• The FHWA reasonably believes that Caltrans is not in compliance with the MOU;
  • The FHWA determines that an issue between Caltrans and the other federal agency concerns emerging national policy issues under development by the USDOT; and/or
  • Upon request by either Caltrans or the other federal agency and agreement by the FHWA.

The FHWA will notify both Caltrans and the relevant federal agency prior to attending any meetings between Caltrans and such other federal agency.

Transmittal of Documents to Federal Resource Agencies

Environmental technical studies, requests for initiation of consultation, and consultation documents will be transmitted directly to the appropriate federal resource agency under NEPA Assignment.

All technical studies and consultation documents must be signed by staff with appropriate qualifications (see pertinent section of the SER to determine qualifications requirement) that are at least an Associate Environmental Planner in their area of expertise. See prior section on Review and Approval for Specified Technical Studies for additional details.

When sending consultation documents directly to a federal resource agency on a project for which Caltrans assumed responsibilities under CE Assignment, the following language should be included in the transmittal letter:

  • "Caltrans is (transmitting/initiating [describe product or action]) as a Federal agency, following the provisions of the Memorandum of Understanding (MOU) between the Federal Highway Administration, California Division and the California Department of Transportation, concerning the State Assumption of Responsibility for Categorical Exclusions. The MOU was signed pursuant to Title 23 USC 326, which allows the Secretary of Transportation to assign, and the State of California to assume, responsibility for most NEPA Categorical Exclusion determinations. For those projects, the State may also be assigned FHWA's responsibilities for environmental consultation and coordination under other Federal environmental laws. By statute, the State is deemed to be a Federal agency for these assigned responsibilities. As this project is covered by the MOU, FHWA has assigned and Caltrans has assumed FHWA responsibility for environmental review, consultation, and coordination on this project. Please direct all future correspondence on this project to Caltrans."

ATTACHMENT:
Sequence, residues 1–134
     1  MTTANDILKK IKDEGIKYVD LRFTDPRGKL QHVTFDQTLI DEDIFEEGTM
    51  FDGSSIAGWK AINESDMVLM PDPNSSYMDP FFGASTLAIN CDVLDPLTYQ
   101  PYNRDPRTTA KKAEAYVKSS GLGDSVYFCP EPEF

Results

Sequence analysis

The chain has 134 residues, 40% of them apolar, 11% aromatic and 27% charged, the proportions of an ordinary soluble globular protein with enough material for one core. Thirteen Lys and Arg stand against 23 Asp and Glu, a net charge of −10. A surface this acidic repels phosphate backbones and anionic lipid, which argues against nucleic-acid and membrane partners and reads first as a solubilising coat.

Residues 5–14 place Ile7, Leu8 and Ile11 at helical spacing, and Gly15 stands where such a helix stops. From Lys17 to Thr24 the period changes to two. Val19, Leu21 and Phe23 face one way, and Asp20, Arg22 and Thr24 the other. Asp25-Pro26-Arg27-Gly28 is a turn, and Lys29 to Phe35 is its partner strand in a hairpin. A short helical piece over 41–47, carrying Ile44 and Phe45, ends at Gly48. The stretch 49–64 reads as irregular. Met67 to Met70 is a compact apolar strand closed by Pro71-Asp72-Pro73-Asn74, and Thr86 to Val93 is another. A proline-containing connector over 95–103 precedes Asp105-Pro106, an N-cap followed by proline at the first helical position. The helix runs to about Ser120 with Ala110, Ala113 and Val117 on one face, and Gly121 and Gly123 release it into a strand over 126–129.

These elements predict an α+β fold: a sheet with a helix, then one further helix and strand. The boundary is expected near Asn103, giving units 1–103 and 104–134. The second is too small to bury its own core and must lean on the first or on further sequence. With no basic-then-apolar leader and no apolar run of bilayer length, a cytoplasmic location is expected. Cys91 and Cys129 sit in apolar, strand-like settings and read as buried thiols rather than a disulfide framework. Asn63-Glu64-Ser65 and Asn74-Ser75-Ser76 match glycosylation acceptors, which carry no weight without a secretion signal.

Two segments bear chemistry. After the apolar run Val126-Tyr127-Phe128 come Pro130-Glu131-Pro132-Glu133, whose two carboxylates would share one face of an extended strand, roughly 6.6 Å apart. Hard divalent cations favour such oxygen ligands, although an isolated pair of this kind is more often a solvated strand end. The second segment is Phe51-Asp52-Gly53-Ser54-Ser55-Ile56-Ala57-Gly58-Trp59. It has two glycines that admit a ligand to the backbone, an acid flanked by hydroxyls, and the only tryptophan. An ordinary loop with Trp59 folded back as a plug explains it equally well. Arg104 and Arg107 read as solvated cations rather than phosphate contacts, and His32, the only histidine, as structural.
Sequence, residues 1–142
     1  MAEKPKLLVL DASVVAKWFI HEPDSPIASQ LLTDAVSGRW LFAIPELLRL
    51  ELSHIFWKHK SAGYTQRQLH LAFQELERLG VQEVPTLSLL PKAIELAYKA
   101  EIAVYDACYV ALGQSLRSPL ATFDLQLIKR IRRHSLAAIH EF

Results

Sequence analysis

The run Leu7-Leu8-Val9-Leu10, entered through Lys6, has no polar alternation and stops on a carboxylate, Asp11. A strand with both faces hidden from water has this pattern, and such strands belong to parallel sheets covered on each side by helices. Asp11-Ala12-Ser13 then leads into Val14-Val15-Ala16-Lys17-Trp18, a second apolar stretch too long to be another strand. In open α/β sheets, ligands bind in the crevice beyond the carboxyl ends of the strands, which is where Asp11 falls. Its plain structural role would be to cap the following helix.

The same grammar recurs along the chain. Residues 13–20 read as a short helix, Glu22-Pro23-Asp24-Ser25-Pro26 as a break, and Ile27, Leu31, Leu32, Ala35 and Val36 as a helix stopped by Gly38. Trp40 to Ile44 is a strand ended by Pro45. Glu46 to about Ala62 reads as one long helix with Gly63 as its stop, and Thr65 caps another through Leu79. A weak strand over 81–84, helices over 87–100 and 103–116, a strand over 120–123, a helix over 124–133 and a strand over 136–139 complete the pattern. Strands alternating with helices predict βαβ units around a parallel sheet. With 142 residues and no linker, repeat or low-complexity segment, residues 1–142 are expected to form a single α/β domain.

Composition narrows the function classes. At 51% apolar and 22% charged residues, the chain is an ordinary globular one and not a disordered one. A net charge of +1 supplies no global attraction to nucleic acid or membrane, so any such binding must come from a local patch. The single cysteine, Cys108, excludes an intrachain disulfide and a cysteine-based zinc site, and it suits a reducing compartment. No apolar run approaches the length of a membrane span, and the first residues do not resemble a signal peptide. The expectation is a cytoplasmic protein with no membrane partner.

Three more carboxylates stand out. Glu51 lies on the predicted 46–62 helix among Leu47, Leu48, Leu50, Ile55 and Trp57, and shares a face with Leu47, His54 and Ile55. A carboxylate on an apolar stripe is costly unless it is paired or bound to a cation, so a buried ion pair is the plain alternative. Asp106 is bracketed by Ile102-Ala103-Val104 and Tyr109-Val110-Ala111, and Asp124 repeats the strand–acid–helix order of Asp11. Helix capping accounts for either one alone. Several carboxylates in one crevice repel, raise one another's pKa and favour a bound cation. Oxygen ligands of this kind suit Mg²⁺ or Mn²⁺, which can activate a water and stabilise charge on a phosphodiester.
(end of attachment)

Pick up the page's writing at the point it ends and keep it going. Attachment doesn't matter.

When sending consultation documents directly to a federal resource agency on a project for which Caltrans assumed responsibilities under NEPA Assignment, the following language should be included in the transmittal letter:

  • "Caltrans is (transmitting/initiating describe product or action]) as the NEPA lead agency under the provisions of the Memorandum of Understanding (MOU) between the Federal Highway Administration and the California Department of Transportation Concerning the State of California's Participation in the Surface Transportation Project Delivery NEPA Assignment Program. The MOU was signed pursuant to Title 23 USC 327, which allows the Secretary of Transportation to assign, and the State of California to assume, responsibility for FHWA's responsibilities under other Federal environmental laws. As this project is covered by the 327 MOU, FHWA has assigned and Caltrans has assumed FHWA responsibility for environmental review, consultation, and coordination on this project. Please direct all future correspondence on this project to Caltrans."

Conflict Resolution with External Agencies

Under NEPA Assignment, Caltrans has assumed FHWA's role in resolving conflicts with external agencies. In this role, Caltrans will continue to be diligent in resource agency engagement, particularly with cooperating agencies and those agencies designated as participating agencies, following the requirements and the spirit of 23 USC 139. Where issues arise that create conflict between agencies, Caltrans is committed to forthright conflict resolution.

Caltrans’ long history of working cooperatively with its federal and state partners and with tribal governments is evidenced by the numerous MOUs and MOAs developed over the years to delegate certain responsibilities to Caltrans or to improve coordination between Caltrans and federal and state resource agencies. The MOUs highlighted below specify procedures for resolving conflicts with external agencies. Caltrans will use these procedures for resolving conflicts under NEPA Assignment as appropriate.